Pierre found the higher wind, and his boat picked up speed. He was gaining on me, but I held the lead. Finally, I reached the point where I could tack, and I was zooming toward the buoy. Just as had been the case with my boat a moment before, Pierre couldn’t tack yet if he wanted a straight shot at the buoy.
I whipped past the corner of the bait barge, where commercial fishermen could load up on baitfish before heading out to sea, under a screaming crowd of gulls hoping to nab a bite to eat. A gust of wind clobbered me in the face with the stink of dead fish and sea lion droppings. I nearly loosened my grip on my tiller, but I recovered quickly. Pierre, meanwhile, had tacked and was coming up on my stern.
I reached the buoy and jibed around it, loosening my sheets for the downwind run back to the starting point, water splashing up into my face from the bow of the boat. I could hear the whooshing of the water as Pierre came around right behind me, but before he had finished rounding the mark, I had my sails sheeted out and set.
Now the jibing duel began. Pierre was behind me, but that also meant he was upwind. If he could get directly upwind, he could block some of the wind with his sails, slowing me down. My challenge was to keep ahead of him and also keep out of his shadow. First to the right, and then to the left, I jibed, ducking down each time as the boom swept across the cockpit. It became a game of prediction, of trying to read each other’s mind, to guess the other’s actions before they happened. I have always felt in tune with my boat and the water, and now I felt even more in tune than ever. On the downwind run, the sailing was much smoother than it had been on the beat upwind, giving the illusion that the boat had slowed down, but in reality, I was flying along. Pierre kept trying to work his way into my wind, but I was able to anticipate every move, and by the time we had reached the starting mark, I had pulled an additional boat-length ahead.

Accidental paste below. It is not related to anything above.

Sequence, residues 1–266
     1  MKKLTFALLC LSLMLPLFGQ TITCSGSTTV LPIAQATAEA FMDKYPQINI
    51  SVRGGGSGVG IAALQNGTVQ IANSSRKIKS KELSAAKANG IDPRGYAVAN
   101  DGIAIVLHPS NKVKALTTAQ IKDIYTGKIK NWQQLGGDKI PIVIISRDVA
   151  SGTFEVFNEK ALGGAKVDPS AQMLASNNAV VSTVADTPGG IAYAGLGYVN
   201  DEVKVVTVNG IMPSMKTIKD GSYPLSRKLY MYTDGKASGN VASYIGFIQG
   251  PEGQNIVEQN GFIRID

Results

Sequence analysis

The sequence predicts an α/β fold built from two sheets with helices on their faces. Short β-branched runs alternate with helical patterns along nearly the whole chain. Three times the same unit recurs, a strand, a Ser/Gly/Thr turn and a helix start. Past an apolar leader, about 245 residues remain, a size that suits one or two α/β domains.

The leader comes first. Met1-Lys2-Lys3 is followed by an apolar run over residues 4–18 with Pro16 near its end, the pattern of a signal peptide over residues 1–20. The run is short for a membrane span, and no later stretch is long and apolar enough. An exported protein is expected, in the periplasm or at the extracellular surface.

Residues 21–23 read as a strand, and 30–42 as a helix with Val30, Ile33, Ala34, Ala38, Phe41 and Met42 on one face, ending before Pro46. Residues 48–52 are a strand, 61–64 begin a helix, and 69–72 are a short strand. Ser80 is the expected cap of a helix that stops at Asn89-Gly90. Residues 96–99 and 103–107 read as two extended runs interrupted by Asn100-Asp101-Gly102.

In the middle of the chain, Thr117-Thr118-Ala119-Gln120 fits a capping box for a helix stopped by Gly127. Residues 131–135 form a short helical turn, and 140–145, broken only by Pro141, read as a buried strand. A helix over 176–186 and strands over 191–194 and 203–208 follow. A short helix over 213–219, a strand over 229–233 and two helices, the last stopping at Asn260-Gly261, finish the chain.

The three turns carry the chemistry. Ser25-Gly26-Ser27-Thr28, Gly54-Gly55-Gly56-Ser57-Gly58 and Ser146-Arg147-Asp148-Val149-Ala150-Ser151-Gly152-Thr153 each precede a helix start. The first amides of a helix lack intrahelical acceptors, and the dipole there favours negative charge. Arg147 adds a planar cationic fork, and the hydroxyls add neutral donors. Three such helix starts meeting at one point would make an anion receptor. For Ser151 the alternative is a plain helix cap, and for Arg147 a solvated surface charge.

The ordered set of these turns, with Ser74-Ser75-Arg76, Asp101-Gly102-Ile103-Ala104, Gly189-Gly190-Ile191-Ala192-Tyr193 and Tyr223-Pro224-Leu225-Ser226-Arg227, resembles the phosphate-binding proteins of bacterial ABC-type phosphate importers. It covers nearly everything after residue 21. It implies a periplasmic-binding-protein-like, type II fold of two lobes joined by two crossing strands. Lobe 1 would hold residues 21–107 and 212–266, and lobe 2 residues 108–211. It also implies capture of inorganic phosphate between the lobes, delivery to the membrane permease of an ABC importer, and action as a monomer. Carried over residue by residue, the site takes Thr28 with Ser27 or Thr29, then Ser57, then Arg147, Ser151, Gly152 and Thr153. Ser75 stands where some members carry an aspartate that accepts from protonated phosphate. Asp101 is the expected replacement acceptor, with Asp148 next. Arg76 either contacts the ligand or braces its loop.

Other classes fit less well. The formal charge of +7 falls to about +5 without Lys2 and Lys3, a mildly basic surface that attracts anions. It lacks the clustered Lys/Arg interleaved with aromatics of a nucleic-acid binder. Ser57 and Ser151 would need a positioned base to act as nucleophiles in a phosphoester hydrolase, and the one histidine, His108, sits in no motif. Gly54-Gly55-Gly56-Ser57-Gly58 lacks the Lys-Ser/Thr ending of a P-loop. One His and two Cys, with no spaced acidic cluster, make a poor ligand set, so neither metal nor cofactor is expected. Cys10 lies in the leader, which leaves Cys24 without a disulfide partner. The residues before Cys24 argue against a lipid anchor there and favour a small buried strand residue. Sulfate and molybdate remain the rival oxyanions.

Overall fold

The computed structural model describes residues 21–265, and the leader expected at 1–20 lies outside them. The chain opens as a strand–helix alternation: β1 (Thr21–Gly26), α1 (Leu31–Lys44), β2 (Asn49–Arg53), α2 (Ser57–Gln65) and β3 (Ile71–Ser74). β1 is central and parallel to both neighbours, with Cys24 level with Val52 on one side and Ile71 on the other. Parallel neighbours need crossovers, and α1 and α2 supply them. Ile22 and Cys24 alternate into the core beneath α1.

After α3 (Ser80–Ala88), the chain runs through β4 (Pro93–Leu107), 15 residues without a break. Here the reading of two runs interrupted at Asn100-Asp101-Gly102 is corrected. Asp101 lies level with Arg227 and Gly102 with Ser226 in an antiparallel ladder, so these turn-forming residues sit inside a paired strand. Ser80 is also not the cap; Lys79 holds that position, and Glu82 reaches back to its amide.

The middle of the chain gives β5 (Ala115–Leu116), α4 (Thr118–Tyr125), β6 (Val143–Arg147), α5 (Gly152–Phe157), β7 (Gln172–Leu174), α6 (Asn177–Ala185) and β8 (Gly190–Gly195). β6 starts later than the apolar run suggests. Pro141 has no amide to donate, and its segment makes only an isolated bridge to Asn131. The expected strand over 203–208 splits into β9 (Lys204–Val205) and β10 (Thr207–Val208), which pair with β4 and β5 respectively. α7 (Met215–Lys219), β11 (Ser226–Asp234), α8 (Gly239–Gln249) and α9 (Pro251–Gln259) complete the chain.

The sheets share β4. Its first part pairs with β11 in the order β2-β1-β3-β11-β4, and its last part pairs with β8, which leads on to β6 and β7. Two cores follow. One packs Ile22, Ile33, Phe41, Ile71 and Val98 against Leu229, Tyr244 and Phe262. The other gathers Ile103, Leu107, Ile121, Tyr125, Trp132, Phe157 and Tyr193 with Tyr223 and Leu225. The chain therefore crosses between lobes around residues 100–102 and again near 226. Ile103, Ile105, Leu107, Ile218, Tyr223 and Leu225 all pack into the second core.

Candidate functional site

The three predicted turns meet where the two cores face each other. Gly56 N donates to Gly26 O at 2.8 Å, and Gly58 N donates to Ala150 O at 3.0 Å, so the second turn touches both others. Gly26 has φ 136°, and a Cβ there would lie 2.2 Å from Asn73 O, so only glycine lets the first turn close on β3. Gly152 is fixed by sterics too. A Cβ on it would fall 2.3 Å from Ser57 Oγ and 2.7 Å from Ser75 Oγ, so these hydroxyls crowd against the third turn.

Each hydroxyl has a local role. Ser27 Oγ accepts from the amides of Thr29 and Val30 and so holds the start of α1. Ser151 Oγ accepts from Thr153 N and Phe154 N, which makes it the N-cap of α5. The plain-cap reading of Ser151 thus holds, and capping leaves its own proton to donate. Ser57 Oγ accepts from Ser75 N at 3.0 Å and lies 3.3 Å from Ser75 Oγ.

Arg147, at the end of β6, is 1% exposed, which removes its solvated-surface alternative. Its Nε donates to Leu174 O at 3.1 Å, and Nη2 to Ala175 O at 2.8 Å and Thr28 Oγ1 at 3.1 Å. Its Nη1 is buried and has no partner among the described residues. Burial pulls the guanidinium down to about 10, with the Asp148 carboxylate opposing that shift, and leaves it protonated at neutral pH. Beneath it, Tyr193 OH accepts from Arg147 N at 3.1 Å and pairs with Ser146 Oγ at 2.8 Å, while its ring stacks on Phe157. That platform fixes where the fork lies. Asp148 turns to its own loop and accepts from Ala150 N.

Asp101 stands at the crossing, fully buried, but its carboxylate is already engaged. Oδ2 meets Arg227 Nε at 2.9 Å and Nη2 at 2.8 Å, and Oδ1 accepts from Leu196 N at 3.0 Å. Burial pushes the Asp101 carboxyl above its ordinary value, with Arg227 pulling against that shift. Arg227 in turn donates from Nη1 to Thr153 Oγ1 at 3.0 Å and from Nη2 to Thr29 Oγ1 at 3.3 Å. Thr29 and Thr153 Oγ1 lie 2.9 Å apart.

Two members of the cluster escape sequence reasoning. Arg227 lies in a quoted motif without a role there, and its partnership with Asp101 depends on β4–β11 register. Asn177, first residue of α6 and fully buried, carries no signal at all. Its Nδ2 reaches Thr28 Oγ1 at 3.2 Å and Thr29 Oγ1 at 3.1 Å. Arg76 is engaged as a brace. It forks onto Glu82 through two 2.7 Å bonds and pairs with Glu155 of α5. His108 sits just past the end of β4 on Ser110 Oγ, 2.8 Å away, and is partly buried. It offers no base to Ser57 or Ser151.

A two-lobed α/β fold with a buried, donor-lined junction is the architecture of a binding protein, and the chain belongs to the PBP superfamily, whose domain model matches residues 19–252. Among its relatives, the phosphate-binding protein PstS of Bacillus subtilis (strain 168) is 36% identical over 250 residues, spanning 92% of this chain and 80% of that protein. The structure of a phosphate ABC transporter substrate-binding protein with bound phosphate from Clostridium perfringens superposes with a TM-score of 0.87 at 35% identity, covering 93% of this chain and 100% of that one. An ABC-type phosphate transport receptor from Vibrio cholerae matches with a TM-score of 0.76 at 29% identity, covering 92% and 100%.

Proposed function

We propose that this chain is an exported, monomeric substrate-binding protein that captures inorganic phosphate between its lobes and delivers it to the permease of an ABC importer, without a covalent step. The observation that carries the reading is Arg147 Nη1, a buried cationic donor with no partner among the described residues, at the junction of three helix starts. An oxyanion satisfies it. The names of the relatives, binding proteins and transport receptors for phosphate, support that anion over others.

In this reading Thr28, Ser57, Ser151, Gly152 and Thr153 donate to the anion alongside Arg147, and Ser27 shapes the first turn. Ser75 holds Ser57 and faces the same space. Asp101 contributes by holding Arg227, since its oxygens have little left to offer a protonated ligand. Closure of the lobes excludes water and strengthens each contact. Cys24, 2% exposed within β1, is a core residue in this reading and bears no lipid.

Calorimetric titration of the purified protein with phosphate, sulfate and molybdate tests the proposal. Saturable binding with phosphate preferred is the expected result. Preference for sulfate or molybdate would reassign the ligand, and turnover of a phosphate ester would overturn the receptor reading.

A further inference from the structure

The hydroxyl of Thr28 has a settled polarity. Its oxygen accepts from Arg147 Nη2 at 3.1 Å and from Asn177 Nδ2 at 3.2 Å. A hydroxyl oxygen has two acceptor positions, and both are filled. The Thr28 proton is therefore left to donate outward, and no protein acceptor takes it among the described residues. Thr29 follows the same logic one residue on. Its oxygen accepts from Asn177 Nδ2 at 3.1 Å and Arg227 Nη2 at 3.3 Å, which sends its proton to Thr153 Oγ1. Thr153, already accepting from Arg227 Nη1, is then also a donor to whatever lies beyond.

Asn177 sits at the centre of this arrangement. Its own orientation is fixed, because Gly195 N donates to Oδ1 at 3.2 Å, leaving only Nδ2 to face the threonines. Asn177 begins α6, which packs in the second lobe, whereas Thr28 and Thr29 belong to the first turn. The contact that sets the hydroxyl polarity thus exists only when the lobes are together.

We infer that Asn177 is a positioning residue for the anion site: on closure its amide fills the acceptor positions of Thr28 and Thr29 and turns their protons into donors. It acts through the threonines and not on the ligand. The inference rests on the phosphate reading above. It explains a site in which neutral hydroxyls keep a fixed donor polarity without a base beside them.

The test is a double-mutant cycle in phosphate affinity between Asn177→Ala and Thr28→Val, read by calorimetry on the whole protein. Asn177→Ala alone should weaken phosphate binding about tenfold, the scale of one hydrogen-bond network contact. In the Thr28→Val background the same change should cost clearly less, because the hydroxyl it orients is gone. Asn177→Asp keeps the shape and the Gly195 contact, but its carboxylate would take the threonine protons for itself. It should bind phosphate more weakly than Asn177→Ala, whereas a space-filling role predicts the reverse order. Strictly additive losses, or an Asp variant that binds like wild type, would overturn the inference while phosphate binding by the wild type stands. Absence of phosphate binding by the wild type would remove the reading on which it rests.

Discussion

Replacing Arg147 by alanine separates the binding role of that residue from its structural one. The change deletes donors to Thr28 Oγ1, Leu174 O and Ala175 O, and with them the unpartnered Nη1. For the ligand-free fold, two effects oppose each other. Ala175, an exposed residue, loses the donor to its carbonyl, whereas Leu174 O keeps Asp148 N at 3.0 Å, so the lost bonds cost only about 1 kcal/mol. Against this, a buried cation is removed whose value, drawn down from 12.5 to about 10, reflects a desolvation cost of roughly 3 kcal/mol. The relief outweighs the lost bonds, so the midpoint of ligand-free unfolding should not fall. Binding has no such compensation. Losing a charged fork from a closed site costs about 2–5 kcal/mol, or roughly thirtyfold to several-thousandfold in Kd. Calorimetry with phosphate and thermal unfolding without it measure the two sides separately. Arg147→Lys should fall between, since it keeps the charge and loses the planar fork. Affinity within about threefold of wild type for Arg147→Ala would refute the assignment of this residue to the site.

“Whoo, what a run!” Pierre exclaimed as we brought our boats about and slacked the sails. He pulled his boat alongside mine and reached out for a handshake, giving me a slap on the back as our boats pulled together.
“Yeah! That was fun!” I agreed. “But going by that bait barge was a little of a challenge.”
“Hey, just getting back at you for that sofa. Let’s have another round!”
“Sure, but let’s take a different course this time.”
We spent the rest of the day racing many different courses, all over the bay. In addition to upwind/downwind courses, we ran triangles and multi-leg courses. Before we knew it, the sun was sinking toward the horizon, and we brought our boats back to the dock to put them away. In the golden glow of the setting sun, as the wind abated, we spread out our sails on the pier and carefully rolled them up and put them into sail bags to protect them, and then we locked them up in a shed near the dock where we rented space to store our equipment. As we headed up the pier to shore, I became aware that Pierre was holding my hand. I wondered when that had happened.


Blogger Tillerman said...

Just discovered your blog and this fascinating story of the Wizards of Winds and Waves. So original. Looking forward to future episodes.

Wed Nov 02, 02:45:00 PM MST  
Blogger Carol Anne said...

Thanks for the compliments. I was working hard to keep the sailing parts authentic without bogging down non-sailors with a bunch of tedious details. I hope I got a good balance.

Wed Nov 02, 11:42:00 PM MST